The New York Times actually wrote about the remarkable Tuscan Milk phenomenon; in this case, it turns out, the effort was orchestrated. Still, I love the Amazon spokeswoman’s statement: “We had no idea that customers had so many strongly held beliefs about their choice of liquid refreshment.”
Anyway, the Great Tuscan Milk Humor Conspiracy has now spread. I’ve unearthed a few other caches of Amazon review humor, and they’re all superb. Take a look, for example, at the reviews for the Cloverdale Fresh Whole Rabbit:
“How many weekends have I spent, in the loincloth, knife clenched in my teeth, running through the fields trying to find a rabbit?”
“I ordered one of these Fresh ‘Whole’ Rabbits, but when it arrived its head, fur and insides were missing. Not exactly whole, I’d say! Maybe it was just damaged during shipping, but I won’t be buying another one. On the plus side, it was delicious with a tall, cold glass of Tuscan Milk, so I give it three stars.”
“I am shocked that Amazon would conspire in rabbit slaughter and their consumption by the public. Rabbits are cute and furry. Many rabbits are wealthy and productive members of society. Rabbits invented the steam engine, the toaster oven, the pneumatic bolt gun, and Spandex. Rabbits pay 27% of all U.S. income taxes. This fall, for the first time, rabbits make up the majority of incoming freshman at Miami University of Ohio. If we know what’s good for us, we will put down the butcher’s knife and make peaceful accommodation with the rabbits while it is still possible. Amazon, for the love of God, stop selling this product before the rabbits come for us all.”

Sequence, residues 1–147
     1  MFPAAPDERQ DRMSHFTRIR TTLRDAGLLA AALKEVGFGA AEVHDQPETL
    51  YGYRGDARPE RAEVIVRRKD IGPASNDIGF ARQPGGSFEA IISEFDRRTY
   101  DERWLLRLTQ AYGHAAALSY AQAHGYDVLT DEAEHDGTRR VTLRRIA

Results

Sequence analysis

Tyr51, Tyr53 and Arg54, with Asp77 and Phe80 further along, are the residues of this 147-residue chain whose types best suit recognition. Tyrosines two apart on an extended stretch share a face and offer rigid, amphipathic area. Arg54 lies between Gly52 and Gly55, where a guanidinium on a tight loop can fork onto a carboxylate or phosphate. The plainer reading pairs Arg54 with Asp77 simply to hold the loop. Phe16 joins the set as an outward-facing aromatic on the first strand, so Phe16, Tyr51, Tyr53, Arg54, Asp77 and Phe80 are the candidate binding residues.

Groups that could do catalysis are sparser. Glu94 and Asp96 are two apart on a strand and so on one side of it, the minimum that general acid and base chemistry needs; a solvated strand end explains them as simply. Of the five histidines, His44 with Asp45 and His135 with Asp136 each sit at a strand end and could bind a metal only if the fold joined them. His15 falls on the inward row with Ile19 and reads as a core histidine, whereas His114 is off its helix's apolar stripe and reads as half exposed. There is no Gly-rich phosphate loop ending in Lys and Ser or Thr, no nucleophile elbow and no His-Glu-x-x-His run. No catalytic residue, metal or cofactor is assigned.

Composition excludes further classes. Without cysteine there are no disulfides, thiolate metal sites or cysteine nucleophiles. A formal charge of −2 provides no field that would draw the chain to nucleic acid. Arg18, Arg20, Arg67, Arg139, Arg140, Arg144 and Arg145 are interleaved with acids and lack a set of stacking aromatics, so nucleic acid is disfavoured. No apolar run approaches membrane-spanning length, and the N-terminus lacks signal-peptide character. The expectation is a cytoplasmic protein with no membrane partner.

Oh, and don’t miss the AudioQuest K2 terminated speaker cable, which is priced, incredibly, at $6,800 (“You save: $1,650)”:
“They’re TOO good. I plugged these things into my 50W Magnavox 2.1 surround receiver and they impregnated my daughter. And I don’t even have a daughter.”
“Some things that have happened since owning and using the K2’s:
My car can now fly I won the lottery My ‘through-door’ water dispenser on my refrigerator now gives chocolate milk My mother went back to school and got her PhD I now get all of George Lopez’s jokes”
“Pros: Quickly tears through scales, fur, bone, and adamantium with ease. Coils and uncoils from hip holster (optional) quickly and quietly. For a product fabricated from 1,000 Onyx Dragon fetuses, the price is unbelievably reasonable! Cons: Shipping from the R’lyeh took far too long.”
Maybe the best one, though, is the listing for what’s obviously an erroneous Amazon listing, a book called “Hgiyiyi (hgjhjh, hjhk) [Paperback].” The author/translator is listed as “jjjj,” and the narrator is credited as “jjjjj” (). Ohhhh, baby, the people had fun with this one!